Three of Chicago’s Best Brunch Spots

Formento's bomboloni (1)

Chicagoans are a brunch-loving people, and never is this more true than during the winter. City-wide, on Saturdays and Sundays, apartment dwellers emerge from their work week hibernation to feast on a midday mashup of breakfast and lunch’s best offerings.

So what spot’s are worth venturing outdoors for? Here are three of our favorites featuring great eats and delicious drinks served up with a side of coziness that promises to defeat any winter chill.

Formento’s

A relative newcomer to the West Loop scene, Formento’s is definitely an homage to your Italian grandma’s kitchen. Or at the very least, it will fill the role of Italian grandma you never had and never knew you desperately needed. The space welcomes the whole family with big tables and banquettes and the menu manages to pull off large portions without feeling excessive. Sunday brunch is best begun with something sweet; think a bombolini, adorable Italian doughnuts, with raspberry jam or the enormous cinnamon roll for the table. Other standouts include what has been described as the restaurant’s signature brunchtime dish, eggs in “Purgatory,” featuring poached eggs, spicy pork gravy, and creamed polenta. Other notables include soft scrambled eggs crostini with Burrata, mushrooms, and arugula, and the Paloma Italiana cocktail made with Maestro Dobel tequila, Aperol, grapefruit, and lime.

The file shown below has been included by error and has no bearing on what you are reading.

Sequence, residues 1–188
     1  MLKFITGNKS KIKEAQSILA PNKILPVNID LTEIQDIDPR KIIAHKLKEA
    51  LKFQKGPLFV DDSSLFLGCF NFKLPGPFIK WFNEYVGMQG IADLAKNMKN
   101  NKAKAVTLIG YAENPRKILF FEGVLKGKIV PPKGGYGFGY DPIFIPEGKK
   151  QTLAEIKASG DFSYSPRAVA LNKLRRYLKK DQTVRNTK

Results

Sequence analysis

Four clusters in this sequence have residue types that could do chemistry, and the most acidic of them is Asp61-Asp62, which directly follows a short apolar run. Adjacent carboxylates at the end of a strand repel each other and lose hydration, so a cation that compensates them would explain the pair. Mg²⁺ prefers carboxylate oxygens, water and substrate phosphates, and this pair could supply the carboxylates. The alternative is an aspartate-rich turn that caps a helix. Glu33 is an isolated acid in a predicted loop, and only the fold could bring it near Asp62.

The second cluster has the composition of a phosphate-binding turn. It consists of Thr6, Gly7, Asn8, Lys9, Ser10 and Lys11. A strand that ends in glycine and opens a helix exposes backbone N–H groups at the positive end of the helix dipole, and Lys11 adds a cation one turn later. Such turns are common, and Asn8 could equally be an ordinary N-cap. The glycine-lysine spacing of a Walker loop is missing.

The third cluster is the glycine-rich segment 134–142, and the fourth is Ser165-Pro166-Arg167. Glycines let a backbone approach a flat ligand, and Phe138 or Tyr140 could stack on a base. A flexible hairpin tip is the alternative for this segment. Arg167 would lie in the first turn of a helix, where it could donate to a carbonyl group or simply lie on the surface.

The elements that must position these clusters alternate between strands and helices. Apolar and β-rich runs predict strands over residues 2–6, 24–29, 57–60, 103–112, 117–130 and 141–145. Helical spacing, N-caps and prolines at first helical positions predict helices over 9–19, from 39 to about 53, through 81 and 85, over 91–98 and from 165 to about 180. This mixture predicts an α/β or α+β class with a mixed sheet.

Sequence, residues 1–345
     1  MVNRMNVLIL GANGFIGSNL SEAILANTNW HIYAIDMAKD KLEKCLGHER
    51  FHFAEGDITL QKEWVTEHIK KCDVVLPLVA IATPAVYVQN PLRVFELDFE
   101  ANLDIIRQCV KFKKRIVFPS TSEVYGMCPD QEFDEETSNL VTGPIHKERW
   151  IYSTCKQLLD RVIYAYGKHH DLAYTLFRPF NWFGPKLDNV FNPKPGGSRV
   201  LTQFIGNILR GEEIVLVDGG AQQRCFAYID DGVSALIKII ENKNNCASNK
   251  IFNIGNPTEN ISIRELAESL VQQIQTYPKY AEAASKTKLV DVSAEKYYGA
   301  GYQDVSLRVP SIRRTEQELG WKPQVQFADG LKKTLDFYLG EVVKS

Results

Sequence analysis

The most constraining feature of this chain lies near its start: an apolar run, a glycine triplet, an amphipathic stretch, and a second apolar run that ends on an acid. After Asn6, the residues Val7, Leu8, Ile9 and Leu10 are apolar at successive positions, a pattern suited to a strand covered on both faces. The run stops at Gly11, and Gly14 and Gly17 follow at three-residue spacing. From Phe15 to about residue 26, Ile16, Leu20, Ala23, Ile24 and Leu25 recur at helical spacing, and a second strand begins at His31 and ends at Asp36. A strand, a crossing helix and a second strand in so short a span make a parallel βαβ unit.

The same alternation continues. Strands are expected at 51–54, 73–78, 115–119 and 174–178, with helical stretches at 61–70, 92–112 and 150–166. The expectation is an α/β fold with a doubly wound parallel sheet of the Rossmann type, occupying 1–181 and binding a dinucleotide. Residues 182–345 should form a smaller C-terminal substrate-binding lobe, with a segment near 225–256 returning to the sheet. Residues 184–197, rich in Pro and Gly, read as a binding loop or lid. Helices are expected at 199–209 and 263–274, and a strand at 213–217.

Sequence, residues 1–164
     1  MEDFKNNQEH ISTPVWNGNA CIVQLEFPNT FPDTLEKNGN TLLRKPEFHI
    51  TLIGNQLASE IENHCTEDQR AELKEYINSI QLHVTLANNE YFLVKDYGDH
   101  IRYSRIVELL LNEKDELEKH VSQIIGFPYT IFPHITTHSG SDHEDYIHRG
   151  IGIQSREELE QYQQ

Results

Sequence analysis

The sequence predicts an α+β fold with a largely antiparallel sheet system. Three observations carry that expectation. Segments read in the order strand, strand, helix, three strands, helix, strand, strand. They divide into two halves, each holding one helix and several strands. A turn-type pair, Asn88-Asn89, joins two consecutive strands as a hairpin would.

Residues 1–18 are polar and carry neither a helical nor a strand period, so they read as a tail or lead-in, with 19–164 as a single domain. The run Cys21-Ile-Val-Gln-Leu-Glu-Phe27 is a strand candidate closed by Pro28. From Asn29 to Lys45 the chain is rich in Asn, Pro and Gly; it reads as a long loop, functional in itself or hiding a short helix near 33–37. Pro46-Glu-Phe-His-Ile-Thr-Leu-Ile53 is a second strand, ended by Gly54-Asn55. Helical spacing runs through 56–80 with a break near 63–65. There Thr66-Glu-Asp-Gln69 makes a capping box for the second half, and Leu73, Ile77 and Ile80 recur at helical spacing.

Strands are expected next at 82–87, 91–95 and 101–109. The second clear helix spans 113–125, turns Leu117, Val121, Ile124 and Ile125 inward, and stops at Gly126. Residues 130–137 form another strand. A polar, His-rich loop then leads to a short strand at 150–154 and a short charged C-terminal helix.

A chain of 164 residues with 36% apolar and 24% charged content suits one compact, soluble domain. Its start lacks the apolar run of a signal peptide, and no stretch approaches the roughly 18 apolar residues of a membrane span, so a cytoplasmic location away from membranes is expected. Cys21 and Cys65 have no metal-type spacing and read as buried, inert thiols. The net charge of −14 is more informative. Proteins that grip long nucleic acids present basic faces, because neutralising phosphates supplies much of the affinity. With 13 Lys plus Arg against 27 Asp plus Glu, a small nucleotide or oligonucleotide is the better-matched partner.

Farmhouse

Farm-to-table dining might not be a new concept, but what about farm-to-tavern dining? This is Farmhouse’s mantra and not only does the near North Side restaurant celebrate the best of the Midwest by highlighting regional, seasonal ingredients, but its very interior was built with 85% salvaged materials; talk about thinking local. Diners won’t be disappointed with Farmhouse’s selection of mimosas (we recommend the option made with mead and Cava) or an order of the beer battered Wisconsin cheese curds to start. We also love the hoe cakes, a heartier cornmeal pancake that arrives with lemon curd, cranberry-walnut granola, and maple syrup, and the farmer’s breakfast with scrambled farm eggs, mustard greens, shallots, fine herbs, white cheddar, spicy potatoes, toast, and the diner’s choice of sausage or bacon.

Grandma J’s Local Kitchen

In a tiny pocket of Humboldt Park lives the magical little cash-only BYOB that is Grandma J’s Local Kitchen. With just a handful of tables and a few seats up at the counter, Grandma J’s fills up quickly, but it’s always worth the wait. Bring your own Champagne and order one of the restaurant’s mimosa trays, which comes with three juices and fruit garnishes, and then settle into a plate of the the fried chicken and crêpes or go for “The Works,” a heaping hodgepodge of poached eggs, potato hash with cheddar cheese and marinated mushrooms, crispy kale, bacon, fried tomato, and hollandaise with toast and housemade jam.